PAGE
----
The parents of several South Korea ferry disaster victims shaved their heads Thursday to protest the government's handling of the investigation and plans for compensation. About 50 family members gathered in Seoul to publicly reject the money offered to them after the April 2014 incident that killed 304 people, Agence France Press reported. They argued the government should instead be recovering the ferry and finding out who was responsible for its sinking.

“I want to grab and kill the rude people who chose to talk about money a year after the death of our children,” said Choi Gyeong-deok, the father of one of the 250 high school students who were on board the Sewol when it sank.

Nine victims' bodies have still not been recovered, but on Wednesday the Ministry of Oceans and Fisheries released its proposals for compensation. Each of the students' families would receive about 420 million won ($383,000), and relatives of the 11 teachers would get about 760 million won. Insurance and donations bump these totals up to 820 million won and 1.14 billion won, respectively, according to the Associated Press.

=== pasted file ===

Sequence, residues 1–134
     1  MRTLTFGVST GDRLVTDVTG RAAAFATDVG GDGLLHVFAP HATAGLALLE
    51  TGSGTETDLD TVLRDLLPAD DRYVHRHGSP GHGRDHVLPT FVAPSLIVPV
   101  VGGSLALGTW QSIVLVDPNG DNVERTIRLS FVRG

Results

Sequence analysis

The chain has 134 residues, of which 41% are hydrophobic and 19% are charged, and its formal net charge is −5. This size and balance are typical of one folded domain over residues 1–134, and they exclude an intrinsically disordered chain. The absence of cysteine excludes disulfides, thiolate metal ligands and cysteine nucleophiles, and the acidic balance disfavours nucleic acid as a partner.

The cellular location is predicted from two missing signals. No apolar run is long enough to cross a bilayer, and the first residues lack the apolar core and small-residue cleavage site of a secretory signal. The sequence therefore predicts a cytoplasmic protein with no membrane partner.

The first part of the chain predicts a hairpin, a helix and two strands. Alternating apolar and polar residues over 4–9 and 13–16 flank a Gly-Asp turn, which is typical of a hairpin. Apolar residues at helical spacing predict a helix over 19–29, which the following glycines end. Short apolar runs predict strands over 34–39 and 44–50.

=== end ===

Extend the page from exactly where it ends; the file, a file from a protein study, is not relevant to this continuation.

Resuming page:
Protesters Thursday argued they didn't want money, instead preferring an independent probe into the disaster that the government previously blamed on the ferry's crew members, the boat's cargo and delayed rescue operations. The ferry's captain and three crew members have already been jailed for the incident.

The South Korean Parliament in November passed a bill calling for an 18-month inquiry into the sinking, but the Anadolu Agency reported the families are worried the government will attempt to manipulate the investigation. As they shaved their heads in Gwanghwamun Square, they shouted, "The truth never sinks."

“The priority for the government should not be monetary compensation but getting to the bottom of the incident, salvaging the wreckage, and finding the last missing persons,” the protesters said in a statement.